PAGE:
It would be one thing if the films had shown Steve constantly pining after what he lost when he went into the ice. Of course they do, but only to an extent, and while the pangs of losing everyone he ever knew still hurt occasionally, Steve has moved on. The relationships he has built here, in this timeline, have been given far more weight than the ones he had back in The First Avenger, and to have him completely backtrack on his forward-moving arc to go back in time feels disingenuous and lazy. Christopher Markus himself once said, “He’s the most adaptive man on the planet,” but apparently failed to listen to his own words when writing Endgame.

Three things in particular make Steve’s ending leave a bitter taste in the mouth, with the first being the rules of time travel as established in this movie. As Endgame (and subsequent Marvel properties dealing with time travel) makes clear, travelling back in time creates a branched reality. Once you return to the moment you left in the main timeline, that alternate reality ceases to exist. (By these rules, Steve appearing at the lakeside randomly make any sense: as this is a different timeline from the one he grew old in, he couldn’t have just waited until this precise moment and moseyed on over to the Avengers Compound—he would have had to use the Quantum Tunnel doodad. But I guess it’s too much to ask for consistency, seeing as the writers and directors disagree on that whole alternate timeline thing.) This means that Steve went back in time, reunited with Peggy, presumably had a family, and then promptly erases everyone in that timeline from existence the minute he travels back to the future to give the shield to Sam. That is an incredibly selfish thing to do for someone whose actions, up to this point, have mostly been quite altruistic; even within the branched timeline that Steve creates, questions arise: Does Steve try to avert events like JFK’s assassination, or 9/11? Does he help advance civil rights? Does he rescue Bucky in this timeline before he becomes completely brainwashed? Or does he just sit on the sidelines, content with his own happiness?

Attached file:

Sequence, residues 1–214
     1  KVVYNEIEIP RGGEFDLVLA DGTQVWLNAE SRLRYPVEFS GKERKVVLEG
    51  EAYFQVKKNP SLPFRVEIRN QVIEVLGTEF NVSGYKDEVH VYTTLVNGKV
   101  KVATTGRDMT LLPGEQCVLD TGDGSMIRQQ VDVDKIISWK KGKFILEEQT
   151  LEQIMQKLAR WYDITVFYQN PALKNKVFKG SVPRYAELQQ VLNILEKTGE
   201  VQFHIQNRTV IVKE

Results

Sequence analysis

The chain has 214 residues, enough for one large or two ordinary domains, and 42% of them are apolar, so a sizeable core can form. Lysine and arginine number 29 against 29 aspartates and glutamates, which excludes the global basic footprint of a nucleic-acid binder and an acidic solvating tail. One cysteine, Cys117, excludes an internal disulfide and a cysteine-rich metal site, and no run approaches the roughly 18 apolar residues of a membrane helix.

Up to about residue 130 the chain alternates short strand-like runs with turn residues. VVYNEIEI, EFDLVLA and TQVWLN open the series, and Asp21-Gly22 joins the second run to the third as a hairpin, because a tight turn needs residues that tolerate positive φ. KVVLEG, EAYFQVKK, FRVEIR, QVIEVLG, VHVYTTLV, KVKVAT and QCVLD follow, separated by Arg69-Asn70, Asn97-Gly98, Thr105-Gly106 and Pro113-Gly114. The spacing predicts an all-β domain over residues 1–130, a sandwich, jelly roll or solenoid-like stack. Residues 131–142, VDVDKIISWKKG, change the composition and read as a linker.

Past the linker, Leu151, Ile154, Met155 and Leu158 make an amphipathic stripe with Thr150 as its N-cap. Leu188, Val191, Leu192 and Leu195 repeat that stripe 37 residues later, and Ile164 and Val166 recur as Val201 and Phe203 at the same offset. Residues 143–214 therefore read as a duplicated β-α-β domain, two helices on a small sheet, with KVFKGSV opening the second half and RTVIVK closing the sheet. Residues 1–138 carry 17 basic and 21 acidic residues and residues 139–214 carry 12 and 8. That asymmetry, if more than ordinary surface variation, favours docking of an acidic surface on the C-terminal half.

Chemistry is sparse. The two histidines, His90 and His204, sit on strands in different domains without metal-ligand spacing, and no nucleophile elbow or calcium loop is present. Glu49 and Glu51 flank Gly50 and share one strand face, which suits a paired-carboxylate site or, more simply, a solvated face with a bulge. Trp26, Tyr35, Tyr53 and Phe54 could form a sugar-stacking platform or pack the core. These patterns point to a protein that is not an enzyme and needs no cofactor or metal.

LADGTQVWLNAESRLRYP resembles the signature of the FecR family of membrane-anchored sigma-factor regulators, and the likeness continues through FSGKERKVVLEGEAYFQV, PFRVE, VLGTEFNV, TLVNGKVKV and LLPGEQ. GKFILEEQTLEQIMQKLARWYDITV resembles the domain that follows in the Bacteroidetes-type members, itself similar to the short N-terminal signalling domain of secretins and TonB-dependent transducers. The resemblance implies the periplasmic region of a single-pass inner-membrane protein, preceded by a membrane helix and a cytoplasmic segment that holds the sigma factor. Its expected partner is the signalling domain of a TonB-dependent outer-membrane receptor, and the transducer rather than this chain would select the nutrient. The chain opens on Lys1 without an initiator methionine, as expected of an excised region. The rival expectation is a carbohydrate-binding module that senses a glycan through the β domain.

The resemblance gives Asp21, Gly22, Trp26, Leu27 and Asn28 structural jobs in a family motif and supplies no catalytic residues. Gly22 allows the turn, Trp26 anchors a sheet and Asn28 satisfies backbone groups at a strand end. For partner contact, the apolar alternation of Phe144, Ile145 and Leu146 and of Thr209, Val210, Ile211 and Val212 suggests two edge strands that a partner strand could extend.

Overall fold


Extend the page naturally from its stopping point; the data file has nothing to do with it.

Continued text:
Thing number two: Bucky. Whether you’re into “Stucky” or not, you cannot deny that Bucky has been a driving force all throughout Steve’s story. In The First Avenger, it’s the thought of Bucky being tortured in a Hydra prison camp that spurs Steve to truly become Captain America; in Captain America: The Winter Soldier, Steve’s world gets turned upside down by the knowledge that Bucky still lives, and he nearly dies trying to save Bucky from himself; in Captain America: Civil War, Steve goes on the run from the United States government (…again) to keep Bucky safe, and then he breaks the Avengers apart for the same reason. You’re telling me that this guy, this guy who has laid it all on the line multiple times out of love for his best and oldest friend, would leave said friend—who is, by the way, still massively traumatized from losing an arm, being brainwashed, and then turned into an assassin for essentially Nazis—for a woman that he knew back in the 1940s for, at best, a year or two? Even earlier in the film, the only thing that broke 2012-Steve’s concentration was the mention that Bucky lived. The two exchange an astonishingly brief goodbye which echoes their one from The First Avenger: “Don’t do anything stupid until I get back,” but now Steve says that to Bucky instead of the other way around. “How can I? You’re taking all the stupid with you,” Bucky replies, but nostalgia can only get so far. They have a quick hug, and that’s it. For a relationship that was previously given so much thematic weight to be tossed aside with such little care is astonishing.